I had tried dd, and got strange results. It would work if I started the command quickly after inserting the card, but if I waited a minute it would immediately error out. However, the command consistently failed at the same point, with the same number of records written to the device.

We've RMA'd the corrupted cards, so I can't continue attempts to recover them, but it didn't look like there was much hope anyway. We're more concerned now about the cause of the failure. Since Samba claims Windows 7 compatibility for the version we're using, I think at this point it's either a freak corner case of software interaction, or a string of bad hardware. The difficulty is that we've chosen to use SLC cards for the very reason that we want reliability for years, and there aren't many vendors selling SLC cards.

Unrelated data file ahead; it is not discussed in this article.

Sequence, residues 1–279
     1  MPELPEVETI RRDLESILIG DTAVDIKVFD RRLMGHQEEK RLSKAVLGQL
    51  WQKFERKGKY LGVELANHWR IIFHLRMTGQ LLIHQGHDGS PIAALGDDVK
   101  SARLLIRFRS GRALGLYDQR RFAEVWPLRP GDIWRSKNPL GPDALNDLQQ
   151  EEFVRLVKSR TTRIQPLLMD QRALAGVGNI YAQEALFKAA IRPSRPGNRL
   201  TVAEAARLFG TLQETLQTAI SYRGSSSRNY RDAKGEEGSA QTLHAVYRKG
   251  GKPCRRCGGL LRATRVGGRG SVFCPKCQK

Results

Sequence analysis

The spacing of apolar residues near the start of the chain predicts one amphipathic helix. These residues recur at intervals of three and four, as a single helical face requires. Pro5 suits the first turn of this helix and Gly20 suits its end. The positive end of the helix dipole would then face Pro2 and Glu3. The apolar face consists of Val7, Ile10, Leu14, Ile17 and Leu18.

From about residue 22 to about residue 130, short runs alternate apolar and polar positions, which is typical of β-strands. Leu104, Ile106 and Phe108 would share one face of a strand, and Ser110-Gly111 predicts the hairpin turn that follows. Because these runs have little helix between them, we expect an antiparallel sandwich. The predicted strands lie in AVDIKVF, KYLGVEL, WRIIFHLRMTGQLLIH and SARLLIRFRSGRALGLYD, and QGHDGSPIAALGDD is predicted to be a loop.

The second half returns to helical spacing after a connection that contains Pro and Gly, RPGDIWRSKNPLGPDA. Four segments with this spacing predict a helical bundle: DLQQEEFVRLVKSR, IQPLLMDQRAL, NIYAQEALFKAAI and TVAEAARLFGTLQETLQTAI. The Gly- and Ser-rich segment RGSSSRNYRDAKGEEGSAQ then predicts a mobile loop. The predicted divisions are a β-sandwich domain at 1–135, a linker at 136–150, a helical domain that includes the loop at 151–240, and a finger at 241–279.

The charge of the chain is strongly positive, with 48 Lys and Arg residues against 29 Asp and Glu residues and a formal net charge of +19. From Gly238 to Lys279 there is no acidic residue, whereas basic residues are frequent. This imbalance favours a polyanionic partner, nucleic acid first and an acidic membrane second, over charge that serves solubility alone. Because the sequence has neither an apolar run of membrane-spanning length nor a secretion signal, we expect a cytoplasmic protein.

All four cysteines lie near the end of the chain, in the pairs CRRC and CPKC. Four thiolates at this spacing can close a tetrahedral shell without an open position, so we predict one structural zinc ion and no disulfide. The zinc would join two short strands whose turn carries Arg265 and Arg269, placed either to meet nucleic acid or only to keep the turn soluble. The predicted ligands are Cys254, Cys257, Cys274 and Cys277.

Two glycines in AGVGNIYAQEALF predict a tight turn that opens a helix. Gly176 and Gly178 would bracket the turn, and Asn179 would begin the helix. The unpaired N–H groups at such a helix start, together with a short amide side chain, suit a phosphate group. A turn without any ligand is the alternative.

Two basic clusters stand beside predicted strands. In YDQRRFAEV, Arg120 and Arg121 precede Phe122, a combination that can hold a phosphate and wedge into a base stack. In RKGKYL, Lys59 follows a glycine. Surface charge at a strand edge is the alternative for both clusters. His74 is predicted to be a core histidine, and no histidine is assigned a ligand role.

I'm really at a loss as how to investigate the cause, short of exercising the file share against Windows 7. Even then, we could probably only diagnose the problem, not resolve it.

2011/8/8 Gerardo Richarte <gera@disarmista.com>
I'm very intereted in the realiability of SD cards, so please share any
new info and improvements!

One thing you could try is to overwrite the sd completely, with
something like

dd if=/dev/zero of=/dev/sdb

be sure it's sdb!

   something else, if you do have a partition table, then you should
try to mount sdb1, sdb2, etc
instead of just sdb. Though I think this is not your case, because the
kernel complains of not being
able to even read the partition table.

you could also try formatting them on windows? using fdisk with -C -H
-S? (though I don't know what numbers to use)


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